Stepping away from the norm of publishing, Wheeler-Nicholson in his golden era released a total of three books that revolutionized the medium. 1935’s New Fun: The New Big Comics was an oversized anthology (in both size and pages) that saw the debut of future Superman creators Jerry Siegel and Joe Shuster.

Months later, New Comics debuted, which eventually became Adventure Comics that would become one of the longest running American comic books to date, ending in 2011 with issue #529. Both of these publications presented new adventures that appealed to all audiences — whether following the adventures of pulp detectives, comedic exploits of anthropomorphic characters, or dramatic draws of cowboys in the ever popular western.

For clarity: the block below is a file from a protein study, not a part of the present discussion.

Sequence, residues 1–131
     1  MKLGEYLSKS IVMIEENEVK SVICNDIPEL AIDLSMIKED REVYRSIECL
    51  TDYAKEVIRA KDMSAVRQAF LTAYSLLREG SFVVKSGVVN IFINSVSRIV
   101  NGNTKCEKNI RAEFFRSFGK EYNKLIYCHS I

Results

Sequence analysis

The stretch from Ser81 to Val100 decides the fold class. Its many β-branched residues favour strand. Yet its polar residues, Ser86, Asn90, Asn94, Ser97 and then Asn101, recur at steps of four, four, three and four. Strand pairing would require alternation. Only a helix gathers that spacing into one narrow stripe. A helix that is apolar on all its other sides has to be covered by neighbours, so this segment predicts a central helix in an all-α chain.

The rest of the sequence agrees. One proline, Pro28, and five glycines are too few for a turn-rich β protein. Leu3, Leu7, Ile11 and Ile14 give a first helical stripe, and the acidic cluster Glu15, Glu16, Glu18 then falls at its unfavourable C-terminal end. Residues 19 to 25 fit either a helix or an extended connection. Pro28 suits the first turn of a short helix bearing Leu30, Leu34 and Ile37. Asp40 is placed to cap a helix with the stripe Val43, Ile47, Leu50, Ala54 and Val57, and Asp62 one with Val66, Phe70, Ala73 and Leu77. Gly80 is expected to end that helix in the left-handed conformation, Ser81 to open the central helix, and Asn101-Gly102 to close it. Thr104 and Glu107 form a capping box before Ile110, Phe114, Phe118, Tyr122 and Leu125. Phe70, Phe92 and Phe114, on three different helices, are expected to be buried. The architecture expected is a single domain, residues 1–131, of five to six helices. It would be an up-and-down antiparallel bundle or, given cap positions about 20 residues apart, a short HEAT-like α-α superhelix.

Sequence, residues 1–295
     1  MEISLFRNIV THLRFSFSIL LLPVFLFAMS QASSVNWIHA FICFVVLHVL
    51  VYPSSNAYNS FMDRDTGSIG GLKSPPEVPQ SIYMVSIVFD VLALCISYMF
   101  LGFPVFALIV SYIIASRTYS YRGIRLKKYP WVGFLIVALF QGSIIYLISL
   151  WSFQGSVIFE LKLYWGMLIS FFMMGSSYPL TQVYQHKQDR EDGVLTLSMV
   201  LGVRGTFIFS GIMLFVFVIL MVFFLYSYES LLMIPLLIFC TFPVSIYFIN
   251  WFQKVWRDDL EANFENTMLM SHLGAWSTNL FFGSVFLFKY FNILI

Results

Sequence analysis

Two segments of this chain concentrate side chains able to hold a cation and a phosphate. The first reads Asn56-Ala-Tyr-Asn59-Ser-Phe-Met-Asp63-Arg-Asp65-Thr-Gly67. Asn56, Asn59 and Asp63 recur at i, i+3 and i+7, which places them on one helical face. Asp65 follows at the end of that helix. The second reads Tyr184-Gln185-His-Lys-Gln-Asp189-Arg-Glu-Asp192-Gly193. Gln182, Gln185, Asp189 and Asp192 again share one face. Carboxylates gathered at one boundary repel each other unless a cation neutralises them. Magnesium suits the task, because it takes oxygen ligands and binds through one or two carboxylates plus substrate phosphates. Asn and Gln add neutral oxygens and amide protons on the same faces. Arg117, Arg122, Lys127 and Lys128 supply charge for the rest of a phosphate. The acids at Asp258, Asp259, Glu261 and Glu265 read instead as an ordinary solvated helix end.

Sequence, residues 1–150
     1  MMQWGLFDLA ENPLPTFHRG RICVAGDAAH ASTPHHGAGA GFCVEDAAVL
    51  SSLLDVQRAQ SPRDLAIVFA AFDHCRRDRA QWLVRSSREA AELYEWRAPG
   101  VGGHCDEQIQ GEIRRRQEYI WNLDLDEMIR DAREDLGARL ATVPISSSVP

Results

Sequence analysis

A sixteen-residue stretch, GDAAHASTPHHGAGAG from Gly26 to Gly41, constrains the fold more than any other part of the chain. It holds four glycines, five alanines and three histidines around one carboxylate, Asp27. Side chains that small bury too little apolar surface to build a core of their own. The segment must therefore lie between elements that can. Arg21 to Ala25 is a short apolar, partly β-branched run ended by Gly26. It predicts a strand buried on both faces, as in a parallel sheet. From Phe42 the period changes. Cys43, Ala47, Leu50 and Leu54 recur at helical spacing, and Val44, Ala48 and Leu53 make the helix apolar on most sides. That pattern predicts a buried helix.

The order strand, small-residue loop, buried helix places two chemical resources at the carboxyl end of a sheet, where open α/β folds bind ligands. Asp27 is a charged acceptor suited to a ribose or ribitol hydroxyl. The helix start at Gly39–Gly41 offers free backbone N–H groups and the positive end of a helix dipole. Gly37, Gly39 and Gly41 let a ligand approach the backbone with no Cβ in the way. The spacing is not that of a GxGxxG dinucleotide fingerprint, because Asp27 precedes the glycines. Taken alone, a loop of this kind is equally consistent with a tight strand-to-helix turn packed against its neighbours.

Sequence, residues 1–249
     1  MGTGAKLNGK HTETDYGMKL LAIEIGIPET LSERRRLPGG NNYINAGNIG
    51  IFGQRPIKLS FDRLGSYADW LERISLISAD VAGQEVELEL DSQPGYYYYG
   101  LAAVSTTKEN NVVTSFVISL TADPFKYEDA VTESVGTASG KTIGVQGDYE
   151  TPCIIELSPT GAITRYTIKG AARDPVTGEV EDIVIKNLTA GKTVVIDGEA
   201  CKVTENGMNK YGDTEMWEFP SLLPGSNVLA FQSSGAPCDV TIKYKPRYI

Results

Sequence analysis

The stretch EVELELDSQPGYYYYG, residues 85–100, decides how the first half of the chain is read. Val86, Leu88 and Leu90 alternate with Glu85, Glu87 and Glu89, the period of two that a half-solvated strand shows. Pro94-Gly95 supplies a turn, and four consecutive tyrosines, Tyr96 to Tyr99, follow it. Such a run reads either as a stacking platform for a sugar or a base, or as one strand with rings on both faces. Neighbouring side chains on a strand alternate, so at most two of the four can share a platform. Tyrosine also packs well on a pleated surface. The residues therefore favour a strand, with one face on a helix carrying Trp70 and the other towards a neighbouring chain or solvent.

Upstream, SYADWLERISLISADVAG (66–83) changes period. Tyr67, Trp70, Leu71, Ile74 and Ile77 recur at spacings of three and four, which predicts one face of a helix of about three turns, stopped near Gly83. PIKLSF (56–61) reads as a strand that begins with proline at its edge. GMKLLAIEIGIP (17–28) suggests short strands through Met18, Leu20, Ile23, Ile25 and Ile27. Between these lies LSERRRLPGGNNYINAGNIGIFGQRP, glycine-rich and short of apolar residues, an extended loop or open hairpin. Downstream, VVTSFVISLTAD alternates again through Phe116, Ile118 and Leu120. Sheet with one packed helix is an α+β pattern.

Despite having financial troubles within his personal and professional life and practically being bought out by Harry Donenfeld at the end of the decade, Malcolm Wheeler-Nicholson in March 1937’s last comic book series, Detective Comics, debuted with issue #1.

Heavily featuring pulp detectives molded from the design of American tradition and landmarks, the four to five tales in each comic were rendered in either color or black and white with ads spilled across the book — something that Wheeler-Nicholson himself is to thank for making a necessity in comics formatting.

1937’s Detective Comics #1, cover illustrated by Vin Sullivan

The first two dozen issues of Detective Comics, released between 1937 and 1939, debuted now iconic characters that defined this Golden Age era of pulp fiction. One figure, who was even celebrated in March’s Detective Comics #1000, was Slam Bradley.